Elizabeth Matto, Director, Youth Political Participation Program Eagleton Institute of Politics, Rutgers University
This essay originally appeared in the Political Science Educator’s Fall 2014 issue.
As teacher-‐scholars of civic engagement, we always are looking for ways to offer students learning opportunities that foster the political skills, attitudes, and knowledge that are conducive to future participation. The mission of the Eagleton Institute of Politics at Rutgers University is to link the study of politics with its practice through research, education, and service. Through our program RU ReadyTM, we’ve offered students an opportunity not only to enhance their own appreciation of politics but to share this appreciation with young people in our community.
Initiated in 2007, RU ReadyTM is an effort designed to provide high school students with the tools and encouragement to be active members of their community. Since its inception, we have consistently administered the project in the area’s local public high school. RU ReadyTM is meant to supplement the social studies curriculum in place and provide lessons in active citizenship that often are lost due to time or curricular constraints. Working in collaboration with the social studies supervisor, the project is administered yearly to all sections of U.S. History I -‐ including special education sections.
RU ReadyTM consists of a series of in-‐class workshops on such themes as the unique features of the Millennial Generation, the prevalence of politics in one’s life, the forms of engagement available to young people, influencing the legislative process, and participating in a campaign. Instructional techniques utilized are those that have been
demonstrated to be effective such as discussion, debate, and simulation. All lessons and activities are non-‐partisan and focus on understanding the political system, developing leadership skills, and problem-‐solving. For example, in one workshop, high school students generate a list of problems they face either in their school or in their community with problems ranging from poor food choices in the cafeteria to crime and violence. After instructing them on the range of options available to them to affect change from forming a community organization, to attending a rally, to running for office, students work in small groups and devise a plan for tackling one of these problems.1 They are instructed to utilizea combination of these methods and to share their plan in an engaging way with their fellow classmates such in a skit or role-‐play.
The hallmark of RU ReadyTM is the role played by a team of Rutgers students who prepare the workshops, work directly with the high school students, and administer the sessions. The team of students participates in the program either via a 3-‐credit internship offered by the political science department or a 1.5 credit topics course offered as part a learning community. As project director, I provide a great deal of supervision prior to their classroom visits and after they’ve administered the sessions. In preparation, students are exposed to a range of literature on youth political participation and civic education, engage in group discussion, work closely with me and each other to prepare their lessons, observe the classroom setting and hear from teachers, and practice their workshops and receive constructive criticism from each other and myself. After the sessions, we debrief as a group, students reflect on their experiences in journals and make public presentations to faculty, staff, and supporters.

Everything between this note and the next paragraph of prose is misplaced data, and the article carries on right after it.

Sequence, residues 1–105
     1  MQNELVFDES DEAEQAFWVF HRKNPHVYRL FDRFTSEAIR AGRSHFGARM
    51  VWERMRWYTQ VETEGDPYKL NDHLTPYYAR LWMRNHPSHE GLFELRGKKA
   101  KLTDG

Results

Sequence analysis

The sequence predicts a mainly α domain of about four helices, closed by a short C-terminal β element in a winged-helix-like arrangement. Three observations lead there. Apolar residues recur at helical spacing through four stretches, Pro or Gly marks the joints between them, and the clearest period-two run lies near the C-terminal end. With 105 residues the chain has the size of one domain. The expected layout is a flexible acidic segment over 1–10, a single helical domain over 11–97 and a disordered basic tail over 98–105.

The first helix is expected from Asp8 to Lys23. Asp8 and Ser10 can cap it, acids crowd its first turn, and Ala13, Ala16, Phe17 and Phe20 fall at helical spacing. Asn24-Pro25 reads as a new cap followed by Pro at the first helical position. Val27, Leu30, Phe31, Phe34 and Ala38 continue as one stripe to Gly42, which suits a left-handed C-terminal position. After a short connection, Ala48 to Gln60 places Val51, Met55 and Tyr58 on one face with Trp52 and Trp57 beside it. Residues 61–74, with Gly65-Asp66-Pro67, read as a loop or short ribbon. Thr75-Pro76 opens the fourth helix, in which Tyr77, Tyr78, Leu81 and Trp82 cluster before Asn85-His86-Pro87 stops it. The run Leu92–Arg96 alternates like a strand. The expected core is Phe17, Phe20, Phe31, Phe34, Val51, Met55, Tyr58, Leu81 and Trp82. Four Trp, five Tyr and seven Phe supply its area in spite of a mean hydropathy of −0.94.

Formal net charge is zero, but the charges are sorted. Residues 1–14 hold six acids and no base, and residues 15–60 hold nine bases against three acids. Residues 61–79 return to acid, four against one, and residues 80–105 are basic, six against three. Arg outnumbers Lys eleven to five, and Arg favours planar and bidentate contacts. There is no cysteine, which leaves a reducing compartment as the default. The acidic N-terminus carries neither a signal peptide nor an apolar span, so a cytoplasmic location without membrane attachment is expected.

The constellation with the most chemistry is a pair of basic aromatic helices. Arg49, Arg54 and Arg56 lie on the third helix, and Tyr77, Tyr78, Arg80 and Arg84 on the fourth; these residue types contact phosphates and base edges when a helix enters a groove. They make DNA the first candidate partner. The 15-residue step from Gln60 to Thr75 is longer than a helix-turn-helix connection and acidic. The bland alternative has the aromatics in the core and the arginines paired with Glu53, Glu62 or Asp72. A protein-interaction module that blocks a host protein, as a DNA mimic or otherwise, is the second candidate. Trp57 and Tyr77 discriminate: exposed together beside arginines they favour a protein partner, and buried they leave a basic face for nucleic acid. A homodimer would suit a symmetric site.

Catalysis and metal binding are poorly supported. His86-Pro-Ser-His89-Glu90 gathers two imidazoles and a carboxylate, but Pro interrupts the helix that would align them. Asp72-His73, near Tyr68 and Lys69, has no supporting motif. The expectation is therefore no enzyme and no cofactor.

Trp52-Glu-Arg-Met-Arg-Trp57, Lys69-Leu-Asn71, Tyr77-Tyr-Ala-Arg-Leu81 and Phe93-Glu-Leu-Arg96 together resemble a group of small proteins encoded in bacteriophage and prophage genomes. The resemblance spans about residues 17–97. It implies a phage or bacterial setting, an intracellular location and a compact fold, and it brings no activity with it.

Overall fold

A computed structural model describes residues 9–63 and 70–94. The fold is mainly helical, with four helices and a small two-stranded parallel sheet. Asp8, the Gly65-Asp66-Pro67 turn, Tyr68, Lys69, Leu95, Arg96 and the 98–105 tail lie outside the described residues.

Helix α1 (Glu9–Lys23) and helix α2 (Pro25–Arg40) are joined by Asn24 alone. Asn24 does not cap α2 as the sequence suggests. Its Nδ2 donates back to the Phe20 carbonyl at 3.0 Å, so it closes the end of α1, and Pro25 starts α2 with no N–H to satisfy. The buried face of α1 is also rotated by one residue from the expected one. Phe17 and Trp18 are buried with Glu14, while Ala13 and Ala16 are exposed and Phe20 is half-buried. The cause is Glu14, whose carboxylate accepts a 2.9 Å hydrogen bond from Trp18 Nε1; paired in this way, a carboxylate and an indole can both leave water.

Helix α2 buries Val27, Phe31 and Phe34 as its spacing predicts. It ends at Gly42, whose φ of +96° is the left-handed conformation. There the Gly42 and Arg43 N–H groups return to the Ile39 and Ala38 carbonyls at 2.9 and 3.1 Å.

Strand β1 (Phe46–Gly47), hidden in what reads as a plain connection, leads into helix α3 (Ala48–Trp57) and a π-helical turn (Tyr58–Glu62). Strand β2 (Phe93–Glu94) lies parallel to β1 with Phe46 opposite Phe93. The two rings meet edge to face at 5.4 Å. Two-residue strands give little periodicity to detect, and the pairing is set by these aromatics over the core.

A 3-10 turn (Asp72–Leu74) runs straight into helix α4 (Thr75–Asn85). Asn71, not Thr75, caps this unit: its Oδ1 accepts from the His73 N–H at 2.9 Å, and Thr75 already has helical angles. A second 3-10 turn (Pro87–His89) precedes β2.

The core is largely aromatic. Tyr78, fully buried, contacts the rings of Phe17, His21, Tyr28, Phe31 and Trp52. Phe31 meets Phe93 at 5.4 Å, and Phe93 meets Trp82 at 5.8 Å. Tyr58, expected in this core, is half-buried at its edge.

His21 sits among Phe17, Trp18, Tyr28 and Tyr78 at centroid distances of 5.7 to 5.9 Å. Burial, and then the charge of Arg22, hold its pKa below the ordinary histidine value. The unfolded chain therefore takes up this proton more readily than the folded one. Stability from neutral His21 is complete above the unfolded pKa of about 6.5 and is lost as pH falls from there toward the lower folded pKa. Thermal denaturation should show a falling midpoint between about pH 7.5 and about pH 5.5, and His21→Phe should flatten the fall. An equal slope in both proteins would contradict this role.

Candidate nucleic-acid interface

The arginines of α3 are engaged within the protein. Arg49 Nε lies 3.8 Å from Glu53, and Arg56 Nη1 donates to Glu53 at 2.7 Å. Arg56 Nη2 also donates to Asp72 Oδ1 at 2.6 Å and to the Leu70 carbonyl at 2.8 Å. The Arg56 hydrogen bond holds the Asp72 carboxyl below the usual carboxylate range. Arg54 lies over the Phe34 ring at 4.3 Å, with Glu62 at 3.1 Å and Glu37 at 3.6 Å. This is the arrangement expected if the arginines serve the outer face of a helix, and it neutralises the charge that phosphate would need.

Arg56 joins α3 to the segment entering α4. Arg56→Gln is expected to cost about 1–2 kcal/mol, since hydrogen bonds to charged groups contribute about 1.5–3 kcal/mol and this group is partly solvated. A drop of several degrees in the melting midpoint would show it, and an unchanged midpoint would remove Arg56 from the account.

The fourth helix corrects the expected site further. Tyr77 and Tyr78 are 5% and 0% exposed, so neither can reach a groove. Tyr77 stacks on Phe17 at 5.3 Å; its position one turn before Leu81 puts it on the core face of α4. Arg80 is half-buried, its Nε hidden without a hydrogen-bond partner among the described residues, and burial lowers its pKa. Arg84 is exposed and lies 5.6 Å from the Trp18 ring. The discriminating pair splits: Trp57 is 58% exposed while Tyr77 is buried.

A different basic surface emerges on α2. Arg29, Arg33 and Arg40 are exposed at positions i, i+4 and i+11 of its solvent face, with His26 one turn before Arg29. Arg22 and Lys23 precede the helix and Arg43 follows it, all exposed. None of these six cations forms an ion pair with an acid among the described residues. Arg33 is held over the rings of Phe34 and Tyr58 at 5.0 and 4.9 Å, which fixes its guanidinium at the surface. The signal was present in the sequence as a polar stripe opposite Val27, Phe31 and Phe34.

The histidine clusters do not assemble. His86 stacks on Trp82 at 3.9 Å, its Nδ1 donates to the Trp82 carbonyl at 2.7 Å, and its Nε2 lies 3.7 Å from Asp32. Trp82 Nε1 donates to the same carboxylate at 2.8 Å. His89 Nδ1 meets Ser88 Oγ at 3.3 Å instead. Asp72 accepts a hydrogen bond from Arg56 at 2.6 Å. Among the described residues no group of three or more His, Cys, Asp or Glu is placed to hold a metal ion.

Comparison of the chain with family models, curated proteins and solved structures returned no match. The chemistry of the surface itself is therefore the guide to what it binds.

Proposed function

Over the years, we’ve utilized various qualitative and quantitative tools (with varying success) to measure the impact of the program. For the most part, the feedback we receive is positive. In one evaluation, the vast majority of the students reported that they felt “very” or “somewhat” prepared to participate in the political process and “very” or “somewhat” interested in participating in the political process after experiencing RU ReadyTM. After being exposed to our session on voting, one student commented, “Thanks to you guys, now that I am 18, I will vote, and I will be the 1st one in my family ever to vote!”
Rutgers students also have responded positively. This past spring, the experience was particularly eye opening for the Rutgers students who expected the children with special needs to be less interested in their lessons. They were surprised to find the situation quite to the contrary. As one student noted,
“To me this was the perfect example of how some students can be overlooked for any given reason. Perhaps because they belong to a special education program people might now feel that they would not be interested in civic engagement, but to my surprise they were very eager to hear about it, and I am pretty confident that they will attend some [civics club] meetings.”
Needless to say, launching and administering an experience such as RU ReadyTM can be challenging and time-‐consuming. It requires a great deal of preparation and oversight. Additionally, there are obstacles to conducting solid research regarding the effects of the project. That being said, the issuance of A Crucible Moment by the Association of American Colleges and Universities in 2012 and the recent publication of Teaching Civic Engagement by the American Political Science Association reminds us that preparing students to engage in their communities and participate in the life of the body politic is our responsibility as political scientists. Hence, the hard work is well worth the effort.
- RU ReadyTM employs the typology of engagement outlined in Zukin et al.’s A New Engagement and utilized by the Center for Research on Civic Learning and Engagement (CIRCLE) that includes cognitive, civic, political, and expressive engagement.
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